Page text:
Peter Herdic donated the land for the First Baptist Church between Elmira and Fourth Street. The location was not desired at first by the group, but eventually, they accepted Herdic’s offer. The church suffered two significant floods that led to building a new church by Culver with Romanesque and Byzantine architecture. Today the church is known as the City Alliance Church who desires to help and support other organizations to build a stronger community in Williamsport.
1) Deed from Peter Herdic to First Baptist Church, 13 October 1857, Thomas T. Taber Museum.
2) “History of Williamsport and Lycoming County.” Williamsport/Lycoming Chamber of Commerce. Accessed September 15, 2019.
3) Hurst, Ellen. “Medieval Art in Europe: A Beginner’s Guide to Byzantine Art.” Khan Academy.Accessed September 16, 2019.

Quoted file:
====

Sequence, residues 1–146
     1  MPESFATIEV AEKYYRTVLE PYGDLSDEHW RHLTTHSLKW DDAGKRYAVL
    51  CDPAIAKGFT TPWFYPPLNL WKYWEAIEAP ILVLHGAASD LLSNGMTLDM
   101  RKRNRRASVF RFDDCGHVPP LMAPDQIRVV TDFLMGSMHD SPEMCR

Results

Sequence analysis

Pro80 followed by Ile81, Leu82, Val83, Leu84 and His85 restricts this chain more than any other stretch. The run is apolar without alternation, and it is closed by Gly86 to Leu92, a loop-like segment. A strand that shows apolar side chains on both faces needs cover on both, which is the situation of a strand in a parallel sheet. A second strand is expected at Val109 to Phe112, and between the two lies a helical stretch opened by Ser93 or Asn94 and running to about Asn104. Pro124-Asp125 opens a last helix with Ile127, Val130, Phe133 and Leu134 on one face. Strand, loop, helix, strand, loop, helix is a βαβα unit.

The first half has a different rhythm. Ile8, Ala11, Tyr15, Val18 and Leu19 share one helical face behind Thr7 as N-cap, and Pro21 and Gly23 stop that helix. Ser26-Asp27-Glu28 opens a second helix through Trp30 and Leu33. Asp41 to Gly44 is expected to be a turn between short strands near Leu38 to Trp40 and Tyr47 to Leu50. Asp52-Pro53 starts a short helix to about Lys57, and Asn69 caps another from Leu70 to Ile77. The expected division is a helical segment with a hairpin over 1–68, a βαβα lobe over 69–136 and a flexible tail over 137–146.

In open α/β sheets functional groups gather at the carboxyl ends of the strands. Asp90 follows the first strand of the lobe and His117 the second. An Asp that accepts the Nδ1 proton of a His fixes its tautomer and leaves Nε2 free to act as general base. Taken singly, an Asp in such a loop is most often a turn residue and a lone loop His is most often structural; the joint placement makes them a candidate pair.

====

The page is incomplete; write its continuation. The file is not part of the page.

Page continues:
4) Koons, Elmer. The Stained Glass of First Baptist. Edited by Lucille C. Nancarrow. Williamsport: Reed Hann Litho Company, 2004.
5) “Millionaires’ Row.” Williamsport/Lycoming Chamber of Commerce. Accessed September 16, 2019.
6) One Hundred Years of Christian Service to the Community. The First Baptist Church, Williamsport, Pennsylvania, 1954.
7) Our Bric-a-Brac: First Baptist Church, Williamsport, Pa. Williamsport, PA: Gazette and Bulleting Printing House, 1880.
8) “Peter Herdic (1824-1888) Historical Marker.” Historical Marker. Accessed September 16, 2019.
9) “Romanesque Architecture.” New World Encyclopedia. Accessed September 17, 2019.
10) Senn, Lola. History of the First Baptist Church 1859-1939. Pennsylvania: Wlliamsport,1939.
11) Sweeting, Spencer. Interview with Evelyn Torres. Personal interview. Williamsport, October 30, 2019.
12) Thomas T. Taber Museum, Accessed November 3, 2019.https://www.tabermuseum.org.